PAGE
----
Seven / ‘Hate littering’ / NPR’s ‘final warning’

ABC News shares what we know about each of them. (Illustration: Google’s ImageFX.)
Law professor Joyce Vance surveys the complications ahead in finding five more and six alternates.
Judge Juan Merchan lowered the boom on Trump during the selection process: “I will not have any jurors intimidated in this courtroom.”
Jimmy Kimmel: “One potential juror was an older woman who said she believed that no one was above the law. And Trump’s lawyers were like, ‘Get her out of here right now.’”

‘Trump is charged with falsifying documents to cover up his frantic efforts to prevent damaging disclosures in the waning days of the 2016 election.’ Journalism critic Dan Froomkin contends that every report on Trump’s trial requires a basic explanation like that.
Or, as Dulcé Sloan put it on The Daily Show: “It’s the porn-money-love-sex-music trial.”
Trump yesterday fell asleep in court again.
Trump niece Mary L. Trump—a psychologist: This trial puts him “in a unique context for which he is totally unprepared.”
True thing: The Trump trial goes dark Wednesdays because that’s the day Judge Merchan reserves for (other) mental health cases (March 17 link).
Outside the courtroom, Daily Show correspondent Jordan Klepper befuddled Trump supporters with logic.

‘Hell no.’ Former WGN-TV news director Jennifer Schulze rejects calls for a 2024 presidential debate between Trump and President Biden: “Trump breaks the rules. … There’s no benefit to the nation to create a massive additional platform for him to hijack.”

‘Police responding defensively … are getting more media and political scrutiny than gangbangers unloading their weapons on innocent little kids.’ A Tribune editorial slams “progressive forces … in power at City Hall.”
WTTW: Chicago’s police superintendent says his department tracks complaints against cops, but “there is no evidence CPD leaders knew that the five officers who stopped Dexter Reed … had racked up three dozen complaints” in the months before they killed him with 96 shots in 41 seconds.
A Chicago City Council member’s filed a formal complaint against the chief of the city’s Civilian Office of Police Accountability—for talking to reporters about the Reed case, “tainting … public opinion.”
At least one person—a juvenile—was in custody after what Naperville police describe as a targeted shooting that put schools on lockdown yesterday.

‘Hate littering.’ A proposed ordinance would outlaw acts like the recent placement in Chicago of antisemitic materials on cars and property.
The Anti-Defamation League reports record levels of antisemitic acts in Illinois and across the country.
Wired: Nine Google workers sitting in at corporate offices in New York and California to protest the company’s contract with Israel Defense Forces were removed by cops.

Chicago spared. Tornadoes raked through Kansas and Iowa yesterday—diverting at least one flight bound here.
Illinois Answers Project has a question: “Flooding is Illinois’ most threatening natural disaster. Are we prepared?
Wired: Hackers linked to Russia’s military are claiming credit for sabotaging U.S. water utilities.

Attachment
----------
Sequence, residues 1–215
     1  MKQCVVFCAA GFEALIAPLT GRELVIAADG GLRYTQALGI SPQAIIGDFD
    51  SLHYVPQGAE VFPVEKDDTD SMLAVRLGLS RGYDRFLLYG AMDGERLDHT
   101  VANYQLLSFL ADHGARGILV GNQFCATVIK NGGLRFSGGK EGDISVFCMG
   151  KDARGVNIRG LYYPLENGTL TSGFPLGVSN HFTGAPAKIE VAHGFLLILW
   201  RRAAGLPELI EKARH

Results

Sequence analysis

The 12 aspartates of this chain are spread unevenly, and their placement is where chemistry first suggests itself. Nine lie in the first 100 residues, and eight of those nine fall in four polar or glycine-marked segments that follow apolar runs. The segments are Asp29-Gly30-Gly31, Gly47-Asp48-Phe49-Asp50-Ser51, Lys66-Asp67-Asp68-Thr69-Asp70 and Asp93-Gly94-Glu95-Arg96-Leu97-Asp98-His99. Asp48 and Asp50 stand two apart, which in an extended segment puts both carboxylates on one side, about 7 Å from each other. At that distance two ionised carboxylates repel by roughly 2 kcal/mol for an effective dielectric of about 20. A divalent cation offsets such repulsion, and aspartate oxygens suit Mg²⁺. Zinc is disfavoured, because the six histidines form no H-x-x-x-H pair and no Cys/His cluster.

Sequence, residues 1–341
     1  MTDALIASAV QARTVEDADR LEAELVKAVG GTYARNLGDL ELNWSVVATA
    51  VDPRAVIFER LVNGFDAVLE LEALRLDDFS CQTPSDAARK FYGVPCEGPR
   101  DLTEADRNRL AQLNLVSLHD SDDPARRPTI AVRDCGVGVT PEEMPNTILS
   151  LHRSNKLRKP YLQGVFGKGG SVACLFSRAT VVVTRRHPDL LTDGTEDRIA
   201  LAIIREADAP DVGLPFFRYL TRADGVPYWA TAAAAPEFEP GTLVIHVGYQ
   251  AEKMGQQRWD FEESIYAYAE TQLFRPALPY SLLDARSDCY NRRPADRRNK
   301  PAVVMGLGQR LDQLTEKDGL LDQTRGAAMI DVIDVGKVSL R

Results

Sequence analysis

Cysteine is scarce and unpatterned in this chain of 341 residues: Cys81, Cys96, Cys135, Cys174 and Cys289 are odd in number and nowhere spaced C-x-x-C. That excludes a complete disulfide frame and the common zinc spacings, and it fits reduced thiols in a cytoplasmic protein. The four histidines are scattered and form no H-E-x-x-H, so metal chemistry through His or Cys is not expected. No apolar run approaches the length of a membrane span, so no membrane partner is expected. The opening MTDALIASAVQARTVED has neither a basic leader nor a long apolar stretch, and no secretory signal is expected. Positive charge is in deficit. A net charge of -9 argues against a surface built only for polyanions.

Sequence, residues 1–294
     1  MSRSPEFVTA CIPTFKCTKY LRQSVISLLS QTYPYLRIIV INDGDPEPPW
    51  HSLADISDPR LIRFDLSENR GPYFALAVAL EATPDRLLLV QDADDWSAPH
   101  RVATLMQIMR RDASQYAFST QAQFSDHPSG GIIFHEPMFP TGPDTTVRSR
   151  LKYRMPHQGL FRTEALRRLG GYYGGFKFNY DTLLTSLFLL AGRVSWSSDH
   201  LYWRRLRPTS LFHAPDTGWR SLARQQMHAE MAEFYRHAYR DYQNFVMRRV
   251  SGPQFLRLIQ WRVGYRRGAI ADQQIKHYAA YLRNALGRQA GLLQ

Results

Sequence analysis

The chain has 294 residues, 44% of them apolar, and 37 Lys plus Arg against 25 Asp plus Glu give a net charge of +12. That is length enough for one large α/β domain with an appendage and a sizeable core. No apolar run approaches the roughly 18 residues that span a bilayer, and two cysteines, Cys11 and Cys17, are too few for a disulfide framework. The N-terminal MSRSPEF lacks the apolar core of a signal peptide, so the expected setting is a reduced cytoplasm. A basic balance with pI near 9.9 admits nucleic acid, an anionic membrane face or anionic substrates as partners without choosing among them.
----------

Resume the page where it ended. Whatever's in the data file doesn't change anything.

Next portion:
Civil wrong. Heated reports that, in a move the Union of Concerned Scientists condemns as “reprehensible,” Al Sharpton’s civil-rights-oriented National Action Network convention over the weekend embraced lying fossil fuel industry reps—who proceeded to fearmonger about renewable energy.

NPR’s ‘final warning.’ National Public Radio has handed a five-day suspension without pay to senior editor Uri Berliner, who went public with his complaint that the network has “comfortably coalesced around the progressive worldview” …
 … telling him he’ll be fired if he again violates the network’s requirement that staffers get approval for work with other news organizations. (Update, 11:07 a.m.: They can’t fire him. He’s quitting.)
Berliner’s colleague, Steve Inskeep: “Berliner gave a perfect example of the kind of journalism he says he’s against.”
A coalition of more than 2,000 news publishers is asking the feds to investigate Google’s suppression of links to California-based news outlets.

‘Book ban crisis.’ A new account from PEN America, a nonprofit dedicated to writers’ freedom of speech, says the assault’s on the rise …
 … but it sees hope: “Resistance is rising, and the very students whose right to read is being challenged and the authors whose works are being censored are fighting back in creative and powerful ways.

But what happens to those empty bottles? Bankrupt dairy producer Oberweis has explained what went wrong …
 … but it says it expects to continue operating as it seeks a buyer, hoping to preserve at least 1,000 of its 1,100 nonunion jobs.
The Atlantic: “The ubiquitous rise of add-on fees and personalized pricing has turned buying stuff into a game you can’t win.”

After just three months on the job, the Dallas pastor who took over leadership of Jesse Jackson’s Rainbow PUSH Coalition has quit without explanation.
ABC7 Chicago vice president of news Jennifer Graves is signing off after 32 years with the station.
R.I.P., former Cubs pitcher Ken Holtzman, “the thinking man’s baseball hero.”

Thanks. Robert Feder, Paul Clark, Mike Braden and Joe Hass made this edition better.
Also: Readers who help underwrite the rising cost of producing and distributing this service.

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